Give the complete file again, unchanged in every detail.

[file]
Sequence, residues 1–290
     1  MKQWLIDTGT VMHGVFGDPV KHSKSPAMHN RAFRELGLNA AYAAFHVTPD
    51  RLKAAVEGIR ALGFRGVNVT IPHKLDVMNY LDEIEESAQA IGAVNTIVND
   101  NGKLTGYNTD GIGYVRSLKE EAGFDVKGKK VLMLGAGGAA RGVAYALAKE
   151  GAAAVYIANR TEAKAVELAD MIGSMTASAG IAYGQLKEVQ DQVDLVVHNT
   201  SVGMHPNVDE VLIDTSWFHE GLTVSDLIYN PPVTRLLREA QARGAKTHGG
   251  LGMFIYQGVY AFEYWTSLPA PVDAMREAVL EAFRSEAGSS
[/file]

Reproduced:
Sequence, residues 1–290
     1  MKQWLIDTGT VMHGVFGDPV KHSKSPAMHN RAFRELGLNA AYAAFHVTPD
    51  RLKAAVEGIR ALGFRGVNVT IPHKLDVMNY LDEIEESAQA IGAVNTIVND
   101  NGKLTGYNTD GIGYVRSLKE EAGFDVKGKK VLMLGAGGAA RGVAYALAKE
   151  GAAAVYIANR TEAKAVELAD MIGSMTASAG IAYGQLKEVQ DQVDLVVHNT
   201  SVGMHPNVDE VLIDTSWFHE GLTVSDLIYN PPVTRLLREA QARGAKTHGG
   251  LGMFIYQGVY AFEYWTSLPA PVDAMREAVL EAFRSEAGSS